Because we’re the good guys, that’s why

Jonathan Zasloff says something incredibly stupid

The US is fighting Nazi Germany. It knows that Hitler and his best commanders are in a building with 20 civilians. If it levels the building, it cripples the German war effort. Concrete? Check. Definite? Check. Military? Check.

Nazi Germany, then, knows that FDR, George Marshall, Ike, Patton, etc. are in a building with 20 civilians. It decides to level the building in order to cripple the US war effort. Concrete? Check. Definite? Check. Military? Check.

The same thing? No way. And if international lawyers want to say it’s the same thing, then that says more about them than those who criticize them. In the immortal words of Mr. Bumble: “if the law supposes that then the law is a ass — a idiot.”

As people interested in human decency, we would very much have like Hitler blown up, and we are very glad FDR wasn’t. But would it have been any more of a war crime to have blown up the US military leadership than to have blown up the Axis one? Blowing up opposing leadership staffs is what you do in a war.

The argument Zasloff seems to be making is that because the ends of the Axis in WW2 (World domination, and not in a nice way) were evil, the mlitary justifiability of their soldiers’ acts is overshadowed by the political unjustifiability of the cause they advanced. And conversely, because the aims of the allies in WW2 (world domination, but nicely) were good, our military justifiability is helped along by the political desirability of the cause they advanced.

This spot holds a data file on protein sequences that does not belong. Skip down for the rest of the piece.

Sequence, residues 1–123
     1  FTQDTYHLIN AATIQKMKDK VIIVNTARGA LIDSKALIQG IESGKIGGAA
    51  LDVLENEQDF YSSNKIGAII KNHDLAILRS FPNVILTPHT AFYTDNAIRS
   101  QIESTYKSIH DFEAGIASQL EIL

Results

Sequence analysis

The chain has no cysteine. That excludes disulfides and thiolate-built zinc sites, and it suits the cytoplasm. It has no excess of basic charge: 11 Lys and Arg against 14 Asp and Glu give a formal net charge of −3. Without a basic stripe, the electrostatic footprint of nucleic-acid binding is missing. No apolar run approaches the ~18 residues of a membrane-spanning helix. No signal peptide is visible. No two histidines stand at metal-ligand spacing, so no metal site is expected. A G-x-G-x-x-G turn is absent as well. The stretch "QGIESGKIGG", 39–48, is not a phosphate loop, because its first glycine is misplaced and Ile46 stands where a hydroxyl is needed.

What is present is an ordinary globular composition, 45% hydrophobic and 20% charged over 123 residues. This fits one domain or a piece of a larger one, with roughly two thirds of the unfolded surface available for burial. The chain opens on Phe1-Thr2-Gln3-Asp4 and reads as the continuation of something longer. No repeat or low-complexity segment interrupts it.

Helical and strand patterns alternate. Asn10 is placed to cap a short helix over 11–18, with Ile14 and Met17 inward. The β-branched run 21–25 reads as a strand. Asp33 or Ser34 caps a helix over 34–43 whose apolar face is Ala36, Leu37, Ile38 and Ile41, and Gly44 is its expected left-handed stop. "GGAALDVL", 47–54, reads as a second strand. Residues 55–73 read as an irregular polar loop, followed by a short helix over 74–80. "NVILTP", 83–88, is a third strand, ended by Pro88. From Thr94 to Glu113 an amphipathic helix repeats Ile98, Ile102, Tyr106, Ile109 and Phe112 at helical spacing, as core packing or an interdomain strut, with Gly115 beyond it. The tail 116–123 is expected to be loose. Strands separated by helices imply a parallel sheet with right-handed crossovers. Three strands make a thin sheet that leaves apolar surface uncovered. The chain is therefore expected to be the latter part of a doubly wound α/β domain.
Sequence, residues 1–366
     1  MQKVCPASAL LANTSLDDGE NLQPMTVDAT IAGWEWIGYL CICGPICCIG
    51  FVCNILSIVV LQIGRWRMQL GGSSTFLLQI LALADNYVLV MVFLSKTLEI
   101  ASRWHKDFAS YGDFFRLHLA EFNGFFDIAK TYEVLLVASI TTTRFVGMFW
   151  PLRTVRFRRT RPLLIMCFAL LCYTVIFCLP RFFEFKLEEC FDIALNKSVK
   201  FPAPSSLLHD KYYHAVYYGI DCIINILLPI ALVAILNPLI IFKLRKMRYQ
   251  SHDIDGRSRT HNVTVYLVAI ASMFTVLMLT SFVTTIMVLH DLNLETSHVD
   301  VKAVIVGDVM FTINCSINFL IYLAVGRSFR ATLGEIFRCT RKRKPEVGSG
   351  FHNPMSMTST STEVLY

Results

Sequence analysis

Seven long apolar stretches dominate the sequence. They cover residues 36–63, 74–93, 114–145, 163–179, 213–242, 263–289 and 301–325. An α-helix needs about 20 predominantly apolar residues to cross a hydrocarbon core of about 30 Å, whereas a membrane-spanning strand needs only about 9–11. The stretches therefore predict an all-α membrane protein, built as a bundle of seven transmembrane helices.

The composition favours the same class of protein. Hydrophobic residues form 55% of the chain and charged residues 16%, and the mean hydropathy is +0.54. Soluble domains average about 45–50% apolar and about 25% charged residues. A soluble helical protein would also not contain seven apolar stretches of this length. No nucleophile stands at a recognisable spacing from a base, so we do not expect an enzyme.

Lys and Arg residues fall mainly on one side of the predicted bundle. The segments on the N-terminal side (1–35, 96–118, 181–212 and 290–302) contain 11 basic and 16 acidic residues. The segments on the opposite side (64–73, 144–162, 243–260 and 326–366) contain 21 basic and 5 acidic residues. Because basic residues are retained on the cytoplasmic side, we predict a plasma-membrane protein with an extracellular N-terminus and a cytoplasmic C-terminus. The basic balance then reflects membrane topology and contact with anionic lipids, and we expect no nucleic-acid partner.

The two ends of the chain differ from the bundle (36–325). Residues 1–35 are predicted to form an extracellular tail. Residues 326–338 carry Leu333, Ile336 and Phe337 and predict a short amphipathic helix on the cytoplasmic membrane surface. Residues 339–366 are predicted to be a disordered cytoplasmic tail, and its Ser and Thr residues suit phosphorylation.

And that’s a tidy argument, but it’s stupid. Leaders almost never take their countries to war believing that the cause they advance is unjust. Maybe some omniscient observer can decide whose cause is just and therefore who was morally in the wrong by going to war in the first place, but if we had widely-believed access to such an oracle we wouldn’t be in this fix in the first place. And the purpose of laws of war (as other laws) is to decide what actions are beyond the pale even for someone absolutely convinced of the rightness of their cause.

So yeah, once you’ve decided which side is right and which side is wrong, then your subsequent analysis of the rightness of individual actions will be determined by that decision. Not useful.

(Interestingly enough, when I first read the piece, I thought “political goals” didn’t mean things like lasting peace or territorial integrity or suchlike, but rather “gains in the next election” or “increases in the number of mobilizable supporters. Talking about military activities in that context is even more egregious.)


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